Florence Nightingale, the pioneer of modern nursing, spent her night rounds giving personal care to the wounded, establishing her image as the 'Lady with the Lamp.'
Florence Nightingale was born in Florence, Italy, on May 12, 1820. During the Crimean War, she and a team of nurses improved the unsanitary conditions at a British base hospital, reducing the death count by two-thirds. Her writings sparked worldwide health care reform. In 1860 she established St. Thomas' Hospital and the Nightingale Training School for Nurses. She died August 13, 1910, in London.
Florence Nightingale was born on May 12, 1820, in Florence, Italy. She was the younger of two children. Nightingale's affluent British family belonged to elite social circles. Her mother, Frances Nightingale, hailed from a family of merchants and took pride in socializing with people of prominent social standing. Florence's father was William Shore Nightingale, a wealthy landowner who had inherited two estates—one at Lea Hurst, Derbyshire, and the other in Hampshire, Embley Park—when Florence was 5 years old. Florence was raised on the family estate at Lea Hurst, where her father provided her with a classical education, including studies in German, French and Italian.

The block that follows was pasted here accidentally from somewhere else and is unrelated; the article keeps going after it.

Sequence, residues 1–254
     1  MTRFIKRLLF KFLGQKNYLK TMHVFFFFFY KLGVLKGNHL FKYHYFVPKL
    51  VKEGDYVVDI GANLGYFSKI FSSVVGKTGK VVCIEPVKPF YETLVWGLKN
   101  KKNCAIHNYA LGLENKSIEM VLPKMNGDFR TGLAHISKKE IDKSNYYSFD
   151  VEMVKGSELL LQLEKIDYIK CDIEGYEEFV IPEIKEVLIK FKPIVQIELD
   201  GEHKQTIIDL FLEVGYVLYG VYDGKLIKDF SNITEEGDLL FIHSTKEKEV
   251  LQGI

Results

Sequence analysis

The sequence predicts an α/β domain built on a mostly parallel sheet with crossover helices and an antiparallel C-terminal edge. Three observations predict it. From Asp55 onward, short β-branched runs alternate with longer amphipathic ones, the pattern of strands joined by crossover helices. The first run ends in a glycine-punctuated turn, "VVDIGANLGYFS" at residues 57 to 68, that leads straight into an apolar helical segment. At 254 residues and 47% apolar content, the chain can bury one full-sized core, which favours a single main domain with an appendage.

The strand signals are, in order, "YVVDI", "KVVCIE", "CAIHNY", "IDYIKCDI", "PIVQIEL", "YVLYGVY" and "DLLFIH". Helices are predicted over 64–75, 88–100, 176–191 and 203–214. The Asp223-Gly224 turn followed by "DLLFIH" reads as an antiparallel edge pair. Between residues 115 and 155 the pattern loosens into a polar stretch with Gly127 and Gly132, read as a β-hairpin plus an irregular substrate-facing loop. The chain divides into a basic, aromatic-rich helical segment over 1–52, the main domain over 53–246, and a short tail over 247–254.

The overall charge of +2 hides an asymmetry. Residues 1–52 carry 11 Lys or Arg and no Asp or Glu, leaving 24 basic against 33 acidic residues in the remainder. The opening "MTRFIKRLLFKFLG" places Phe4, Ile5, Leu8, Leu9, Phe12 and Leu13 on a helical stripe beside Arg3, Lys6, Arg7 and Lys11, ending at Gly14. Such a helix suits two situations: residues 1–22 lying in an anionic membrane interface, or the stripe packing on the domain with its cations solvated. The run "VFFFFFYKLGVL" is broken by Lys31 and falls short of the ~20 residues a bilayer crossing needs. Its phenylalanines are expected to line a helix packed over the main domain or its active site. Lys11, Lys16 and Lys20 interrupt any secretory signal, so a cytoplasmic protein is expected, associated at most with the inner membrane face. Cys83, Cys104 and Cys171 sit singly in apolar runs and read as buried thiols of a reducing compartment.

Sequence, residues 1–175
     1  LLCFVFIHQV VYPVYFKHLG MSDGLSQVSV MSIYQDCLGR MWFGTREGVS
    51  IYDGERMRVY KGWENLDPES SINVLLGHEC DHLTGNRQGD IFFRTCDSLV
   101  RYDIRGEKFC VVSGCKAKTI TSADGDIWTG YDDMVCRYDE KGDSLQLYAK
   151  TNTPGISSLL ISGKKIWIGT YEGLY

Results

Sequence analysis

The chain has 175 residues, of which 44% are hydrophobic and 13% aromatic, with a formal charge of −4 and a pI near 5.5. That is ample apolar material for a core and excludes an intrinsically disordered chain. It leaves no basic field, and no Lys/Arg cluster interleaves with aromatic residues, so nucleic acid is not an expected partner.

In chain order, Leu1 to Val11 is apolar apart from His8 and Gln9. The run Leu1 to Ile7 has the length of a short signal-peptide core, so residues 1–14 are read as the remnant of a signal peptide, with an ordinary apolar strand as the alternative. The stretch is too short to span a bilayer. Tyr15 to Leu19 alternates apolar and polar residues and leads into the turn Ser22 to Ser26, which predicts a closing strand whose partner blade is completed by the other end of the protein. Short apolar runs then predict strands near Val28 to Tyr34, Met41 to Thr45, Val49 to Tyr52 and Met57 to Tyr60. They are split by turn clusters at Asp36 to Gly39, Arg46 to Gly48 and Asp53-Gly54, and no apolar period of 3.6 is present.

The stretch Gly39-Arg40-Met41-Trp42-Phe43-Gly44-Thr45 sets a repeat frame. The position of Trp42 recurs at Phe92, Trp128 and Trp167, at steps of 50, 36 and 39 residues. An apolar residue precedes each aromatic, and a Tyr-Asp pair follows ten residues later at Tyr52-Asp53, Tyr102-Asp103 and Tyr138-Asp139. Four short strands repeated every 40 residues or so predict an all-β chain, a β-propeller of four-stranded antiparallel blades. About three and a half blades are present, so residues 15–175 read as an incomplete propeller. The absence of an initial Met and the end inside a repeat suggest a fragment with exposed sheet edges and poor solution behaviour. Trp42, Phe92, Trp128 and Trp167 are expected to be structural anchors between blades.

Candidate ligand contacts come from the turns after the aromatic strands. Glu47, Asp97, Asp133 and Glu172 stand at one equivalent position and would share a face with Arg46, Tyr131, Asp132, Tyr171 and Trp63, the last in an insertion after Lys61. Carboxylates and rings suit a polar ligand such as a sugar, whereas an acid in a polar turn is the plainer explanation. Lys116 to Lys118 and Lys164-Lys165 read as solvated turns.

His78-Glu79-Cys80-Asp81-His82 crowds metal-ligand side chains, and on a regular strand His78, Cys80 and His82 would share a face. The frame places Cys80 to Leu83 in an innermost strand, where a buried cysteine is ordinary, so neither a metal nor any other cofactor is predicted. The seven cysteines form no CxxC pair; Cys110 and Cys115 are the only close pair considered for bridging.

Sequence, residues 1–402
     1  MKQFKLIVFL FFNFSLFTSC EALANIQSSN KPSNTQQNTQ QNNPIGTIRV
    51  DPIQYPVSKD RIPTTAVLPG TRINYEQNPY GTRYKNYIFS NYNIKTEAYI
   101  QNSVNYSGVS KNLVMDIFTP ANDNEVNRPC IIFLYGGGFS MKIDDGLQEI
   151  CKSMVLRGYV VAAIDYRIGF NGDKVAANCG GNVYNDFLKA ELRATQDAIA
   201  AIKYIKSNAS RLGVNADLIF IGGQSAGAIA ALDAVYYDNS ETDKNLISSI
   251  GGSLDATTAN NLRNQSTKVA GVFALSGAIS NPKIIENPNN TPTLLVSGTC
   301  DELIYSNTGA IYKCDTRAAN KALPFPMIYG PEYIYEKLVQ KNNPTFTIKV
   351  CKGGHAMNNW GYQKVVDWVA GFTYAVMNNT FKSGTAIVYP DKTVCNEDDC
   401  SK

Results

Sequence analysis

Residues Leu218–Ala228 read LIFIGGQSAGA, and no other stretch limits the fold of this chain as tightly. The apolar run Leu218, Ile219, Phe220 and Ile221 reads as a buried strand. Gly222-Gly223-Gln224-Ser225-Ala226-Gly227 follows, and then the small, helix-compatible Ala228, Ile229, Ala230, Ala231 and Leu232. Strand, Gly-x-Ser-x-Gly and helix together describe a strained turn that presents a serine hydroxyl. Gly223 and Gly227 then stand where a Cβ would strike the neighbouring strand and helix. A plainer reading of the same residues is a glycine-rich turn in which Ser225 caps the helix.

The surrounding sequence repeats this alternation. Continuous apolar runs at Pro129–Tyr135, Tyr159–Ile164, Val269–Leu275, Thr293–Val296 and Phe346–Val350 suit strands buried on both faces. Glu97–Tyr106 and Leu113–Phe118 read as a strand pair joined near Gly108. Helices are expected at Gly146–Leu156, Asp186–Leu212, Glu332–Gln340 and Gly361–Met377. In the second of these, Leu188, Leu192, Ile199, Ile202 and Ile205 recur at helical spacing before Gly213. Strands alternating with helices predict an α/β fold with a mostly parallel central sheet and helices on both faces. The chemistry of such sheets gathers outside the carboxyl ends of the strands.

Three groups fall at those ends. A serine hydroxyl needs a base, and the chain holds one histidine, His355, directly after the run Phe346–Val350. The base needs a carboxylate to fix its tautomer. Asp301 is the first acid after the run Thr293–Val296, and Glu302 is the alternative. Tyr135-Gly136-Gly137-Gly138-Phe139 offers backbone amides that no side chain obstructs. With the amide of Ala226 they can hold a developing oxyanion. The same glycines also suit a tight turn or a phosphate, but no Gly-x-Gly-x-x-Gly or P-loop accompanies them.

From a very young age, Florence Nightingale was active in philanthropy, ministering to the ill and poor people in the village neighboring her family’s estate. By the time she was 16 years old, it was clear to her that nursing was her calling. She believed it to be her divine purpose.
When Nightingale approached her parents and told them about her ambitions to become a nurse, they were not pleased. In fact, her parents forbade her to pursue nursing. During the Victorian Era, a young lady of Nightingale's social stature was expected to marry a man of means—not take up a job that was viewed as lowly menial labor by the upper social classes. Determined to pursue her true calling despite her parents' objections, in 1844, Nightingale enrolled as a nursing student at the Lutheran Hospital of Pastor Fliedner in Kaiserswerth, Germany.